Military Role Widens in Coronavirus Plague Response

A military health worker at a drive-through coronavirus testing center on Staten Island. Defense officials opened up a range of military capabilities this week. PHOTO: MIKE SEGAR/REUTERS

The U.S. military said Friday it is preparing plans to take over hotels and other buildings if necessary to add to the nation’s supply of hospital rooms, part of its response to the coronavirus emergency.

Pentagon officials detailed the plans as they opened up the range of military capabilities and forces this week, with preparations for deploying thousands of National Guard troops, providing hospital ships and ferrying medical equipment.

The head of the U.S. Army Corps of Engineers outlined plans for taking over as many as 10,000 hotel rooms, college dormitories and other spaces in New York to provide medical services to accommodate the exponential increase of virus-related hospitalizations.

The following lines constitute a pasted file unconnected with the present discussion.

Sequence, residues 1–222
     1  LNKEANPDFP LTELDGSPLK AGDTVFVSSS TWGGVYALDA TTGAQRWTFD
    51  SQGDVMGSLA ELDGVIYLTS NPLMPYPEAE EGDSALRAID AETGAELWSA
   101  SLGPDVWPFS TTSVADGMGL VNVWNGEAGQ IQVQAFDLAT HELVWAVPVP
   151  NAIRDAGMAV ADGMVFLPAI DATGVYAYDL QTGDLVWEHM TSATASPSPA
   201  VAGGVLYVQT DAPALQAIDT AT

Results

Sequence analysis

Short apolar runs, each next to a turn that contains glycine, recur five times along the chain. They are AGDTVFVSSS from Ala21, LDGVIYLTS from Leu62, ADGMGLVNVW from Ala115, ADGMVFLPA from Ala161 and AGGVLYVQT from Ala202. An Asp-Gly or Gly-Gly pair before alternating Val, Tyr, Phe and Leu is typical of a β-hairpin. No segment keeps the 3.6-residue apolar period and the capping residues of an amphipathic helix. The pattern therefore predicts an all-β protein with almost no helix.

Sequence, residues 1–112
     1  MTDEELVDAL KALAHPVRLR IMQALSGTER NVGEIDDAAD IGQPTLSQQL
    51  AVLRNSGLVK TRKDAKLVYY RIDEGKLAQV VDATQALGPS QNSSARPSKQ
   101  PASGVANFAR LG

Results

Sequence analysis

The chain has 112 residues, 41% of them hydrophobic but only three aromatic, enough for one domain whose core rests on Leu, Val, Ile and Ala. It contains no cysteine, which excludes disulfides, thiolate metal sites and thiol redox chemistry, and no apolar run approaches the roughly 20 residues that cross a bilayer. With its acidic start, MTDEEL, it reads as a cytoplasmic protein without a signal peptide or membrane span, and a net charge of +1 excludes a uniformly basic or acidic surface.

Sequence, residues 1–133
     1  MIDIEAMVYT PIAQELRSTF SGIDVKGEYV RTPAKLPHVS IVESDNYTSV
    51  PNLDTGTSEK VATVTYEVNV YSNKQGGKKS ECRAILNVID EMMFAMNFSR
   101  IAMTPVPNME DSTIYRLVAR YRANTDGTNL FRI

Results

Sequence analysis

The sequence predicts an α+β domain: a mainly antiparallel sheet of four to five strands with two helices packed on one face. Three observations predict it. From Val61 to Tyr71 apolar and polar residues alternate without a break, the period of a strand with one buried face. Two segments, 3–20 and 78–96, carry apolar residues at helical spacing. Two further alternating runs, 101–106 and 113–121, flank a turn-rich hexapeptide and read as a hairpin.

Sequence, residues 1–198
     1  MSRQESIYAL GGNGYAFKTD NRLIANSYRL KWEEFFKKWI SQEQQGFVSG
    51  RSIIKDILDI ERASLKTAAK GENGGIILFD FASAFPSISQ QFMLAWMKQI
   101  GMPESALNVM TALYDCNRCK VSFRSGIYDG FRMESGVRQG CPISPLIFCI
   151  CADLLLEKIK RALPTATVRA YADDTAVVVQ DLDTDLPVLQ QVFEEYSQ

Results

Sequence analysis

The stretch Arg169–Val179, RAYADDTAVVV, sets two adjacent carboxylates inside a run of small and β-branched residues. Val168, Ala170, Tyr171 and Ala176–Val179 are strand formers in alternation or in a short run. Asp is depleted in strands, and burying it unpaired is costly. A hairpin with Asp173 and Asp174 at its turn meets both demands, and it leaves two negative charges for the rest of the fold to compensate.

Based on a request from state officials and the Federal Emergency Management Agency, or FEMA, which is coordinating the crisis response for the White House, the Corps would forge contracts with hotels, colleges and possibly sports arenas—all of which are largely empty anyway—to begin to transform them into medical facilities, Lt. Gen. Todd Semonite said.

“We would then take the building over in a period of an exceptionally short amount of days, and we would go in and turn this into an ICU-like facility,” he said.

Nurses’ stations would be built in the hallways of the empty hotels, for example, he said. Other equipment, including wireless capability to give medical staff the ability to monitor individual patients, also would be installed, he said.

The planning reflects the urgency the military has begun to bring to the issue this week as state governors and the White House scrambled to prepare for a substantial increase in the number of coronavirus cases nationwide. State and federal officials have forecast a steep demand for medical support as hospitals are expected to become overrun with patients.

Click here to read more.

SOURCE: Wall Street Journal, Gordon Lubold and Nancy A. Youssef